Honduras is like the monkey who locked up the zookeeper. This little tropical realm has put away the constrained thinking that keeps others stuck in unproductive routines, and allowed its wildness to escape the margins.
Because it's faithful to our childlike imaginations of wilderness, our youthful notions of life authentic and unadulterated, Honduras remains a true, original adventure. Far from the strictures of gentlemanly routines, here we can remember what makes life rip-roaring and breathtaking. We can test our mettle, hear our hearts race, and even encounter a bit of danger. This is a world painted in bold, unrepentant strokes: where monkeys howl, parrots and macaws swoop over waterfalls, and the white water of life can splash you in the face.
So it is I head down to stay at one of the most delicious eco-lodges in the Americas, the Lodge at Pico Bonito.
The owners designed it as an eco-destination that demonstrates that a forest left standing is a much more valuable, more sustainable, source of income to the community than one cut down. The lodge employs only local residents, uses community suppliers, and is committed to environmentally sound practices. But that doesn't mean you shouldn't keep your eyes open.
The cabin to which I am assigned is on the edge of the jungle, with louvered and screened windows, two ceiling fans, and a private veranda with a hammock. Delightful. But the first night I can't sleep because the sounds from the rainforest are so loud and continuous.
So, the next day I ask if I might move to a cabin closer to the lodge, hoping it might be a bit quieter. I tuck my passport and wallet at the bottom of my pack, leave my key with a bellboy, and take off for a day rafting down the nearby Rio Cangreja.
Flowing from deep within the rainforest of the Pico Bonito National Park down to the Caribbean, the 20-mile river is sliced with moments of agreeable horror (called rapids,) between pools of calm. In the quiet sections the waters are so still they image the clouds. I paddle at the pace of the clouds, a cadence that seems to reach back to the first blush of life on the planet; purer than the rhythms of childhood.
The sandy banks are rippled with three-toed sloths and iguanas. Jaguars keep furtive watch from behind broad leaves. Wild plants and fruit grow in abandon, nourishing legions of insects and the self-propelled flowers they call butterflies, of which there are some 40 species here, including the stunning blue morpho.
There is a magical realism about this river, a complex system of layering. It seems a place to grasp the mystery that breathes behind things.
That evening I return to the lodge, and retire to my new, quieter cabin. My luggage has been moved, and set up near the bed. Everything is wonderful.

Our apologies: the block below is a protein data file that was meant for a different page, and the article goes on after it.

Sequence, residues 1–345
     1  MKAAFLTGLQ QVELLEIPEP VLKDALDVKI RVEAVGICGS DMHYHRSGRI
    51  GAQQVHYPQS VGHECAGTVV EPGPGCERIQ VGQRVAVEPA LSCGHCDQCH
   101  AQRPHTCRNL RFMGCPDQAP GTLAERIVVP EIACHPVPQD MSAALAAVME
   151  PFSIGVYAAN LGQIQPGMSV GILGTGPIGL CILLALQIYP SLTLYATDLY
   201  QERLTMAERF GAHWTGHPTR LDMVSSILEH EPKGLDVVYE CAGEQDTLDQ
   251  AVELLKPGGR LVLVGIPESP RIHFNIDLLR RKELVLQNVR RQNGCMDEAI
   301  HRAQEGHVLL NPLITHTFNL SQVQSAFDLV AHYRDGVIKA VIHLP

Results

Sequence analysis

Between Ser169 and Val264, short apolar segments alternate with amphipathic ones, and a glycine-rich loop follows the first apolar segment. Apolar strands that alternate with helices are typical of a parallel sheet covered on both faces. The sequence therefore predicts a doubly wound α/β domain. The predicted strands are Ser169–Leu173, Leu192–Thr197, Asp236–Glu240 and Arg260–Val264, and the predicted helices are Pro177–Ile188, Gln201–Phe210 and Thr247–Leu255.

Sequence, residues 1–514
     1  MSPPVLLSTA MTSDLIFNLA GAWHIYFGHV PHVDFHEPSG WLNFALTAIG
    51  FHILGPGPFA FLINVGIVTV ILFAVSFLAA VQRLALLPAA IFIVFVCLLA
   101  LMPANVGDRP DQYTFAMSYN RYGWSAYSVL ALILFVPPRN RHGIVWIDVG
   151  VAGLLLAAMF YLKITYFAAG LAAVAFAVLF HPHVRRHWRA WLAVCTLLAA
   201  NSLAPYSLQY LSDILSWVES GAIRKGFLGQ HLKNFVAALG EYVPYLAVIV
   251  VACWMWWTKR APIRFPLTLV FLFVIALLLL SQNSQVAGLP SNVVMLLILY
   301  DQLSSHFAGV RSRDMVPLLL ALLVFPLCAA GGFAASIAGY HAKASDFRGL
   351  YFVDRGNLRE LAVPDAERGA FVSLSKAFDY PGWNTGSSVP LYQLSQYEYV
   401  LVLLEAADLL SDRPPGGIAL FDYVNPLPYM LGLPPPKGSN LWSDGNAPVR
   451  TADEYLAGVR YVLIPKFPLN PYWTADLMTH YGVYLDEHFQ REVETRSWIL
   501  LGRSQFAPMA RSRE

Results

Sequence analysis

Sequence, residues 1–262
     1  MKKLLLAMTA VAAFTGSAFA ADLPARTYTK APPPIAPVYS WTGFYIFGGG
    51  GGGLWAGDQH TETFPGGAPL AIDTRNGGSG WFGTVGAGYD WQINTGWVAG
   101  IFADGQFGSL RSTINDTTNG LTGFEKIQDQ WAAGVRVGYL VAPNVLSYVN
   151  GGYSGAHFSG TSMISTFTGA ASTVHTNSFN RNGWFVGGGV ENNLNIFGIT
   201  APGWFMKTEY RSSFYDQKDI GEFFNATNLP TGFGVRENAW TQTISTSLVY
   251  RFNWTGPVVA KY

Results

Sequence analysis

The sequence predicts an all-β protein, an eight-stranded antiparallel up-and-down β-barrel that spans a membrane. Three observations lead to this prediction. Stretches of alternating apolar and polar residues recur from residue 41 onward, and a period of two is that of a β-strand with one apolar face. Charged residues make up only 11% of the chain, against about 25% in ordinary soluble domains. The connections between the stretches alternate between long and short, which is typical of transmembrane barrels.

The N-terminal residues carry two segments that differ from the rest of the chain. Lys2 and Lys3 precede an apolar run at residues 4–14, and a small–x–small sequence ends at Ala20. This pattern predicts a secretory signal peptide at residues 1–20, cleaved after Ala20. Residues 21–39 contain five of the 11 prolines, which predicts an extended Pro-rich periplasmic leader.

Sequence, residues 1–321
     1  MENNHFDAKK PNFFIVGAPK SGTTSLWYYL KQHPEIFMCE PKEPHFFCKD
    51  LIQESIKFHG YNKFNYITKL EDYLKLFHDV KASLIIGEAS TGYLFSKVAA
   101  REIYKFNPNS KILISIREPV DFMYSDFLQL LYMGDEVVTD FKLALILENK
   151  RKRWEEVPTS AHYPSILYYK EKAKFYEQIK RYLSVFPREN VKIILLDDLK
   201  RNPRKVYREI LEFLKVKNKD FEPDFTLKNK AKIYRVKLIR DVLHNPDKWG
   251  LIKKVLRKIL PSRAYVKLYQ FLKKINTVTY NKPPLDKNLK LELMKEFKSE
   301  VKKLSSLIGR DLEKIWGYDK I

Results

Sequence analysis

I spend several more satisfying days exploring the environs. The park unwinds with a well-maintained network of trails, and exploring them is like hiking through a grand green cathedral, at once hallowed, sublime, and a bit eerie. Life is exuberant and pure here. I can almost inhale the incense of life surrounded by massive ropes of vines, hanging moss, and fairy chains of orchids. It is like a hall of double helixes, creating life as the woodland umbilicals swung.
At one time Honduras, like all of Central America, was part of the ocean floor and the earliest volcanoes swelled beneath the sea. As layer after upon layer of cooled volcanic material piled up, peaks finally poked from the watery depths. This rapturously terrible geological activity is key to the country's lush landscape and astonishing biodiversity.
Honduras is the arm that reaches two continents; it is, in many ways, the ark of Latin America. It holds a mind-bending amount of ecological variety. Pico Bonito's profusion of wildlife thrives on an equally staggering range of vegetation, including at least four different kinds of forest, encompassing some 500 species of trees. It's like every color of the rainbow, with a few new ones thrown in for good measure.
There are so many birds in Pico Bonito the tropic breeze seems like fire, brilliant with color. Orchids grow like kudzu. Tiny frogs, hop like raindrops. Here is a supple universe. Here water conquers stone.
At the end of my stay, I go to tip the staff and pull out my wallet to distribute some cash. As I dig in the leather folds I find less cash than I remember carrying down, but still enough to show ample gratitude. I puzzle for a minute about my miscalculation, but then think nothing more about it.
A few weeks later, back in the States, I get a call from Visa. The representative asks if I just purchased a convertible Mustang in Honduras. "What? I returned over a month ago." The rep then goes through my buying history, showing an ever-increasing trail and price-tag of purchases on my card, beginning with gas, moving to meals, then clothes, and ending up with my car acquisition.
After some investigation, it turns out the bellboy, while moving my luggage, had rifled through my walled and taken some cash, and a little-used credit card in the back. I didn't even notice it was gone until the call.
As the ultimate conservationist, the bellboy wanted to keep as much as possible in-country... including my credit card.
Now I own a convertible mustang in La Ceiba, so if in the neighborhood, let me know. Would love to have your enjoy a ride.